Sure, it would have been a musical faux pas of Philly to Brooklyn magnitude.
But as Zab Judah exited the Barclays Center ring early on Sunday morning, it would have been an ideal moment to cue up a classic, old-school Boyz II Men jam to accompany him and his team on their long, disappointed slog back to the dressing room.
After 12 maddeningly ineffectual rounds with a light-hitting but insistent Paulie Malignaggi, it was clear the man once known as “Super Judah” had irrefutably reached the "End of the Road."
And it wasn’t just a frustrated capacity crowd in Brooklyn that thought so.
Nearly every member of a multimicrophoned Showtime broadcast team shoveled dirt on Judah’s inactive carcass at some point during his 36 minutes with the “Magic Man,” labeling him anywhere from “outhustled” to “ineffective” to “disinterested” as the proceedings wore on.
Judges Michael Pernick, Adelaide Byrd and Max De Luca made it official from their ringside stools, scoring the proceedings 116-111, 117-110 and 117-110, respectively.
This Bleacher Report scorecard, incidentally, had it 118-110—or 10 rounds to two.
Still, Judah stubbornly insisted it was a product of Malignaggi’s absence of malice, and not the competitive shortcomings of a 36-year-old man in his 18th year as a professional fighter.
“He didn’t want to engage in the fight,” Judah said to Showtime’s Jim Gray in a mid-ring, post-fight interview. “He was working on his jab and sliding around. He did a great job staying outside and boxing while I was trying to fight.”
It was the predictable logic of a man who’d just suffered the ninth loss of a 53-fight career.
But it also proved denial was about the only world-class skill he has left.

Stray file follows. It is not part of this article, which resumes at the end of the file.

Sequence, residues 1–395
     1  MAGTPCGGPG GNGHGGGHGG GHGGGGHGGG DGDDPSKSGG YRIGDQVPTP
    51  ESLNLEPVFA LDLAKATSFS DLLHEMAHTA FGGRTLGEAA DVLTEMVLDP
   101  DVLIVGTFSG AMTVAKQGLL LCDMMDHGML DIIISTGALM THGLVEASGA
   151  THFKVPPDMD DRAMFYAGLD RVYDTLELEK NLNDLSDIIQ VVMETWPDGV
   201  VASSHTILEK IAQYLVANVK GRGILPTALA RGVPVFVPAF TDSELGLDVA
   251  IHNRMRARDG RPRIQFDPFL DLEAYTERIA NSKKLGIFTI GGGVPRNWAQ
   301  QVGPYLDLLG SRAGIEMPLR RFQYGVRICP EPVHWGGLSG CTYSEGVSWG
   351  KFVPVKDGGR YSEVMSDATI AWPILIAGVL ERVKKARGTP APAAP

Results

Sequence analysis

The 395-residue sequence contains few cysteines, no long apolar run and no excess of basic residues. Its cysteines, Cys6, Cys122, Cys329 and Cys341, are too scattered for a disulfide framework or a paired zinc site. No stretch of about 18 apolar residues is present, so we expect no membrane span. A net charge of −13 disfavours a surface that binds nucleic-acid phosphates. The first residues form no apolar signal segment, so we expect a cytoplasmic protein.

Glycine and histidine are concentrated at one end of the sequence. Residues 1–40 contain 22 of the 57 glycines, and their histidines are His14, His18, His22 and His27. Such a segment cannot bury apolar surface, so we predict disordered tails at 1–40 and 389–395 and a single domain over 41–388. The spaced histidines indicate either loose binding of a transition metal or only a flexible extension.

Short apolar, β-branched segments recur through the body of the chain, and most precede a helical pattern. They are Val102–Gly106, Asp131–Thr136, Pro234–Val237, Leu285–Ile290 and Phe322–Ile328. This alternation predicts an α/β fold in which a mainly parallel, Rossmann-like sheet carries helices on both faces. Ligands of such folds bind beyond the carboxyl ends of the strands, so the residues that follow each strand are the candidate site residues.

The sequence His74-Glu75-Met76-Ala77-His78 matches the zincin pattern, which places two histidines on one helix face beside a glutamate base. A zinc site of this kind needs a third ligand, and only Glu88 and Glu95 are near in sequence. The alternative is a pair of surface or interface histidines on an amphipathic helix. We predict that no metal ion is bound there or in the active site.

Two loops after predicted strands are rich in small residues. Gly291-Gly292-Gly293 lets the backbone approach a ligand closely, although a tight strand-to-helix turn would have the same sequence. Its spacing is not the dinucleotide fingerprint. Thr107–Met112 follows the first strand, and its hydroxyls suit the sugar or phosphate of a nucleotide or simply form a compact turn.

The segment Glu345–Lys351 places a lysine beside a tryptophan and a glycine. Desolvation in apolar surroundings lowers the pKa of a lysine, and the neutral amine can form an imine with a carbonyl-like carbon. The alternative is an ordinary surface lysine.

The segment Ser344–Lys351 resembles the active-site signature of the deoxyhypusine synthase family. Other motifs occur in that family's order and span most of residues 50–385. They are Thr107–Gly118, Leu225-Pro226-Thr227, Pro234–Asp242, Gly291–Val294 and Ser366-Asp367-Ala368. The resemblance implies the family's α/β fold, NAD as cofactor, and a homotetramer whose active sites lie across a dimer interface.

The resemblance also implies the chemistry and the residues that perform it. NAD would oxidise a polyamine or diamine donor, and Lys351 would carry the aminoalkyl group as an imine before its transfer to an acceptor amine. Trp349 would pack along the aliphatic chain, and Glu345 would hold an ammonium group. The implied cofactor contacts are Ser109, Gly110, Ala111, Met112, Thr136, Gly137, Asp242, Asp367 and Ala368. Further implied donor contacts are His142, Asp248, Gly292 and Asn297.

Zab SIT DOWN. You had all night. Now you wanna fight at the bell? You stole money from your hometown tonight. #BrooklynBoxing— Ismael AbduSalaam (@Ismael_BBM_NYK) December 8, 2013
Already a loser, albeit an occasionally spirited one, in two of his past three fights, Judah entered the fray Saturday evening after making perpetual fight-week claims that Malignaggi—with just seven KOs in his previous 32 wins—simply didn’t offer enough deterrent to blunt his force.
“He ain’t got nothing to hold me off,” he told The Ring’s Tim Smith.
“It’s been proven from the past if you don’t have anything to hold Zab Judah back he’s going to come and he can punch. We’re going to see.”
Turns out he was right, after all.
Paulie came. We saw. Zab's finished.
While he might still have dizzying power in the straight left hand and a warrior’s mentality in his heart of hearts, the former two-division world champion simply no longer possesses the motor that’s necessary to compete for 12 rounds against the best in the business and win.
Enough to swipe a few late rounds after Danny Garcia had worked his way to an insurmountable lead? Absolutely. Enough to score a dubious knockdown and perhaps grab another round when the mood struck him to actually let his hands go against Malignaggi? Certainly.
But enough to strike even a sliver of fear into the truly elite class at welterweight, circa 2013—namely Mayweather, Bradley, Broner and Pacquiao? Not a chance.
Should Zab Judah continue his pro career?
Saturday proved the fighter who'd scurried back to relevance after previous post-mortems named Tszyu, Spinks, Baldomir, Cotto and Clottey is gone for good. All that remains these days is a still-willing, still-conditioned shell only good enough for a tier far below what has already been achieved.
In a business where staying too long comes at a price far costlier than legacy, it’s not worth it.
Stand down, Zab Judah. So long, boxing's cockroach.